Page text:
Small Clever Rooms
A Crow Looked At Me
Every once in a while a music album comes along that just consumes me for a little while. I want to read everything anyone’s written about it to find out if it affected other people in the same way it did me and mine for insights and ways to put words to how it made me feel what I did. Mount Eerie’s A Crow Looked at Me is the latest such album. It’s about the recent death of Phil Elverum’s wife from pancreatic cancer, and it’s not hard to figure out, in broad strokes, why it affected me so powerfully after only a couple listens. (It’s because it’s crushingly sad.)
It’s All Right There In Front Of You
and look at the lyrics for the first song, “Real Death,” and tell me if you felt the need to click on any of those lyrics to have user annotations explain what they mean. The lines that hit the hardest, like “Real Death” and the first verse of “Swims”, don’t need any, like, exegesis. It’s all right there in front of you.
But I don’t think it’s as simple as saying A Crow Looked at Me derives its power from being plainspoken about emotional devastation. Another album from a couple years ago, Sun Kil Moon’s Benji, took a similar tack, and I hated it. It struck me as ham-handed, an unsubtle attempt to manipulate the listener’s emotions and not worth listening to more than once. Why bother? There’s nothing more to get out of the lyrics. It’s all right there in front of you.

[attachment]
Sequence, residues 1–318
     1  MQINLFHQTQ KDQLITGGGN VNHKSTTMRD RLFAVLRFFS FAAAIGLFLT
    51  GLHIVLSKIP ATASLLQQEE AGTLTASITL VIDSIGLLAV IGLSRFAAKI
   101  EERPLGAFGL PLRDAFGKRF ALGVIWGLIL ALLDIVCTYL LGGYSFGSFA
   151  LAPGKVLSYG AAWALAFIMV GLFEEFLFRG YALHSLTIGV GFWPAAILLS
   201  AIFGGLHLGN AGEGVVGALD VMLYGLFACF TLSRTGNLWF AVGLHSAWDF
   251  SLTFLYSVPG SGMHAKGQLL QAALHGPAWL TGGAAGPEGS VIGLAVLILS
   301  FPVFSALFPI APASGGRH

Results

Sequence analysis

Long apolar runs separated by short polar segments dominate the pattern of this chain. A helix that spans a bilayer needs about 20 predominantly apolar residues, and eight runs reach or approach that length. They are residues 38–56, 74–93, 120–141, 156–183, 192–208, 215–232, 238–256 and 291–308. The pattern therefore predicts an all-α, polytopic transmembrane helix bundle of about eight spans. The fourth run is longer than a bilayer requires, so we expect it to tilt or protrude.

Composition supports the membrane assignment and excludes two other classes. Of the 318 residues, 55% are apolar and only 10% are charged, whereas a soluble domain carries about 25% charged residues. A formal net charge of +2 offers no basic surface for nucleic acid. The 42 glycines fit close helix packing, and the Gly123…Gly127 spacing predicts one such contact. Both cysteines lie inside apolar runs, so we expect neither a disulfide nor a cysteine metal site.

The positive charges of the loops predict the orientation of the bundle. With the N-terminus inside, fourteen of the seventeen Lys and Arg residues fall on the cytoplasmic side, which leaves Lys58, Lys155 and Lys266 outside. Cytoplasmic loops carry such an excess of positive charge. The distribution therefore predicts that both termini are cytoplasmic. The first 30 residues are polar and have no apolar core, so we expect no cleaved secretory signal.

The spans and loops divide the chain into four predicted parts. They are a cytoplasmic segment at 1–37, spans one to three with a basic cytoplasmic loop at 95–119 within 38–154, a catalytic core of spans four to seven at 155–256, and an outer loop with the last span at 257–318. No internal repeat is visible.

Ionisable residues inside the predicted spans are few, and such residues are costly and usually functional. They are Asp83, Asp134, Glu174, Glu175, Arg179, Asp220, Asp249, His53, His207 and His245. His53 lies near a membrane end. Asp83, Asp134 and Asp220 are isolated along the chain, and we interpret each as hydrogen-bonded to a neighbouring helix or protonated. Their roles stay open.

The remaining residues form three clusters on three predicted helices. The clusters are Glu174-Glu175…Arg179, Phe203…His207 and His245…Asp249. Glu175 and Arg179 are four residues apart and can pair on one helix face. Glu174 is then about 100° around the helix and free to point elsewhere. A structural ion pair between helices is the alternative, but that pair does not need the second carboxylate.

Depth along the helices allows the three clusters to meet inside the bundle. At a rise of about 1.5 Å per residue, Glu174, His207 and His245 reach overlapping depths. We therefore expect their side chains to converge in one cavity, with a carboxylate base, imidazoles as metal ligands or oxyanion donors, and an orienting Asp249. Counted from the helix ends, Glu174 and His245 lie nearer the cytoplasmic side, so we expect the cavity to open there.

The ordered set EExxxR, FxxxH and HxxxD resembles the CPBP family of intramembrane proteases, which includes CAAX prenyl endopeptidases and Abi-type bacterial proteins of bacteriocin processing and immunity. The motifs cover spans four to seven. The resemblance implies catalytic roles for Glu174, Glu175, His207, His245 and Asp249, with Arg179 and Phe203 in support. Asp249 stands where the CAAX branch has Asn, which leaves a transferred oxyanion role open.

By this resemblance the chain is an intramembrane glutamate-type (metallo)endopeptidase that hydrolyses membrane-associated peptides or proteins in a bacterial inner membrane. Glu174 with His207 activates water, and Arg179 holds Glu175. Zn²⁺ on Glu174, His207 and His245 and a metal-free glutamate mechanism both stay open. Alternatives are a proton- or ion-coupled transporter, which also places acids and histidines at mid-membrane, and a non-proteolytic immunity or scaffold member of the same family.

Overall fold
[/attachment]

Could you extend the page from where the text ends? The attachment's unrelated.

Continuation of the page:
A Pine Cone, Your Squeaking Chair
In case my own obvious ham-handedness in the last two paragraphs didn’t make it clear, my opposite stances on A Crow Looked at Me and Benji are untenable in light of my (remarkably similar) attempts to justify them. So why does A Crow Looked at Me work so much better? Let me excerpt a couple lyrics that highlight the difference between the approaches taken in these two superficially similar albums.
From Benji’s “Pray for Newtown”:
So when Christmas comes and you’re out running around
Take a moment to pause and think of the kids who died in Newtown
They went so young, who gave their lives
To make us stop and think and try to get it right
They went so young, a cloud so dark over them hung
And they left home, gave their mom and dad a kiss and a hug
From A Crow Looked at Me’s “Toothbrush/Trash”:
Today I just felt it for the first time
Three months and one day after you died
I realized that these photographs we have of you
Are slowly replacing the subtle familiar
Memory of what it’s like to know you’re in the other room
To hear you singing on the stairs
A movement, a pine cone, your squeaking chair
The quiet untreasured
In between times
The actual experience of you here
I can feel these memories escaping
Colonized by photos narrowed down and told my mind erasing
The echo of you in the house dies down